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Taylor-type rules and total factor productivity


  • William T. Gavin
  • Benjamin D. Keen
  • Michael R. Pakko


This paper examines the impact of a persistent shock to the growth rate of total factor productivity in a New Keynesian model in which the central bank does not observe the shock. The authors then investigate the performance of alternative policy rules in such an incomplete information environment. While some rules perform better than others, the authors demonstrate that inflation is more stable after a persistent productivity shock when monetary policy targets the output growth rate (not the output gap) or the price-level path (not the inflation rate). Both the output growth and price-level path rules generate less volatility in output and inflation following a persistent productivity shock compared with the Taylor rule.

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  • William T. Gavin & Benjamin D. Keen & Michael R. Pakko, 2012. "Taylor-type rules and total factor productivity," Review, Federal Reserve Bank of St. Louis, issue Jan, pages 41-64.
  • Handle: RePEc:fip:fedlrv:y:2012:i:jan:p:41-64:n:v.94no.1

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    References listed on IDEAS

    1. Smets, Frank & Vestin, David & Gaspar, Ví­tor, 2007. "Is time ripe for price level path stability?," Working Paper Series 818, European Central Bank.
    2. Taylor, John B., 1999. "The robustness and efficiency of monetary policy rules as guidelines for interest rate setting by the European central bank," Journal of Monetary Economics, Elsevier, vol. 43(3), pages 655-679, June.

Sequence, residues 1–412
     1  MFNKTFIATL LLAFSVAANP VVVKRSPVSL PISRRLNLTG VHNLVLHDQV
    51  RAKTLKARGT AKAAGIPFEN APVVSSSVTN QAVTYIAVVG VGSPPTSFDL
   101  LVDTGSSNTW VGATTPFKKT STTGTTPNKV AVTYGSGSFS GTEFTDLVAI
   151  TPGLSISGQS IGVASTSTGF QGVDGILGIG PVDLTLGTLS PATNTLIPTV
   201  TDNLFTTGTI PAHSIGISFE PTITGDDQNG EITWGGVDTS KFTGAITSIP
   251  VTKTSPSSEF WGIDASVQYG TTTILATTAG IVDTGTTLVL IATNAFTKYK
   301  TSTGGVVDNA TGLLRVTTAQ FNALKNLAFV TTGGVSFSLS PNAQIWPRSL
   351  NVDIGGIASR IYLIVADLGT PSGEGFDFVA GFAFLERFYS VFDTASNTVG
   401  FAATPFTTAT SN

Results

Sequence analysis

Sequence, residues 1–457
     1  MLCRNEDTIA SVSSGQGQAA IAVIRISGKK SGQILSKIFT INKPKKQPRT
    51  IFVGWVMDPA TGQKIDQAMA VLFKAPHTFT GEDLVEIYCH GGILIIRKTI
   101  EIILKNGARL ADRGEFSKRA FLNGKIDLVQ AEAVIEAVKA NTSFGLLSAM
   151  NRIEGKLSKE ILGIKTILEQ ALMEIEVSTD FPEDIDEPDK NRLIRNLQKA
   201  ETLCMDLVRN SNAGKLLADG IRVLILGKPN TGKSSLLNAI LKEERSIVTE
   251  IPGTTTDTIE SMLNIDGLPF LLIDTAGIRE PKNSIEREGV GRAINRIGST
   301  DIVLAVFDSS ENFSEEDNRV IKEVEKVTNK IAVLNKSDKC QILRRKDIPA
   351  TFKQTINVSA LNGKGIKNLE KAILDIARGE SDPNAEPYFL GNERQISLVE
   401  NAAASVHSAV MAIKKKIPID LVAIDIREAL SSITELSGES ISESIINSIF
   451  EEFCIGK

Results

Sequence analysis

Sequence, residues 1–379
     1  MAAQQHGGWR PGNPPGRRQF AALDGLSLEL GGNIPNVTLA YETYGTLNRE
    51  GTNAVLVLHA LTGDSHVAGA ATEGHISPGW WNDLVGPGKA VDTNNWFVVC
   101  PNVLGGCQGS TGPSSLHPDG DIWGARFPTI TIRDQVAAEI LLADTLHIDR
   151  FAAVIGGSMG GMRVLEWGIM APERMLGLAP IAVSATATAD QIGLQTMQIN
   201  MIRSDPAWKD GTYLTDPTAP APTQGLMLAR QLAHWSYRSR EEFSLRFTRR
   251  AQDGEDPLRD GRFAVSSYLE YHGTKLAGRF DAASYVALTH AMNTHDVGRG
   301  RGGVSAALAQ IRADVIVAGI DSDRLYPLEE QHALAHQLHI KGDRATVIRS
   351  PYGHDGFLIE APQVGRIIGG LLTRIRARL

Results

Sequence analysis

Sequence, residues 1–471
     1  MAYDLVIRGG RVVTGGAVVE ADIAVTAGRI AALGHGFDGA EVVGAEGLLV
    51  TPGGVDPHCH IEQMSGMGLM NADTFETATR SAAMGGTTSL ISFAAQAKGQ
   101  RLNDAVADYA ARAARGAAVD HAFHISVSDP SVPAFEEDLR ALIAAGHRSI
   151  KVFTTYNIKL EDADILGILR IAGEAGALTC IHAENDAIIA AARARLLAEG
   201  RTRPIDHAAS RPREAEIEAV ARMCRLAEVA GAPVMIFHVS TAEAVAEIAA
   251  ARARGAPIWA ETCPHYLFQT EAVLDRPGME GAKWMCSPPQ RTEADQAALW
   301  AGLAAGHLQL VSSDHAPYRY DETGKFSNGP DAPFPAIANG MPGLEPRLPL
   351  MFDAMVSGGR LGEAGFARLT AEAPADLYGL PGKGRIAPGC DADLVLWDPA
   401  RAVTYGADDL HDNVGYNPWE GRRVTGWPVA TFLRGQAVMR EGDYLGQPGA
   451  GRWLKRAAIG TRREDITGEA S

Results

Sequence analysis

3. Athanasios Orphanides & Simon van Norden, 2002. "The Unreliability of Output-Gap Estimates in Real Time," The Review of Economics and Statistics, MIT Press, vol. 84(4), pages 569-583, November.
    4. John B. Taylor, 1999. "Introduction to "Monetary Policy Rules"," NBER Chapters,in: Monetary Policy Rules, pages 1-14 National Bureau of Economic Research, Inc.
    5. Neiss, Katharine S. & Nelson, Edward, 2003. "The Real-Interest-Rate Gap As An Inflation Indicator," Macroeconomic Dynamics, Cambridge University Press, vol. 7(02), pages 239-262, April.
    6. Olivier Coibion & Yuriy Gorodnichenko & Johannes Wieland, 2010. "The Optimal Inflation Rate in New Keynesian Models," Working Papers 91, Department of Economics, College of William and Mary.
    7. Andr? Kurmann & Christopher Otrok, 2013. "News Shocks and the Slope of the Term Structure of Interest Rates," American Economic Review, American Economic Association, vol. 103(6), pages 2612-2632, October.
    8. Edge, Rochelle M. & Laubach, Thomas & Williams, John C., 2007. "Learning and shifts in long-run productivity growth," Journal of Monetary Economics, Elsevier, vol. 54(8), pages 2421-2438, November.
    9. William T. Gavin & Benjamin D. Keen & Michael R. Pakko, 2005. "The monetary instrument matters," Review, Federal Reserve Bank of St. Louis, issue Sep, pages 633-658.
    10. Michael Pakko, 2008. "No smoking at the slot machines: the effect of a smoke-free law on Delaware gaming revenues," Applied Economics, Taylor & Francis Journals, vol. 40(14), pages 1769-1774.
    11. John B. Taylor, 1999. "A Historical Analysis of Monetary Policy Rules," NBER Chapters,in: Monetary Policy Rules, pages 319-348 National Bureau of Economic Research, Inc.
    12. John B. Taylor, 1999. "Monetary Policy Rules," NBER Books, National Bureau of Economic Research, Inc, number tayl99-1, January.
    13. William T. Gavin, 2011. "CPI inflation: running on motor fuel," Economic Synopses, Federal Reserve Bank of St. Louis.
    14. Athanasios Orphanides & John C. Williams, 2002. "Robust Monetary Policy Rules with Unknown Natural Rates," Brookings Papers on Economic Activity, Economic Studies Program, The Brookings Institution, vol. 33(2), pages 63-146.
    15. anonymous, 2005. "Models and monetary policy: research in the tradition of Dale Henderson, Richard Porter, and Peter Tinsley," Proceedings, Board of Governors of the Federal Reserve System (U.S.).
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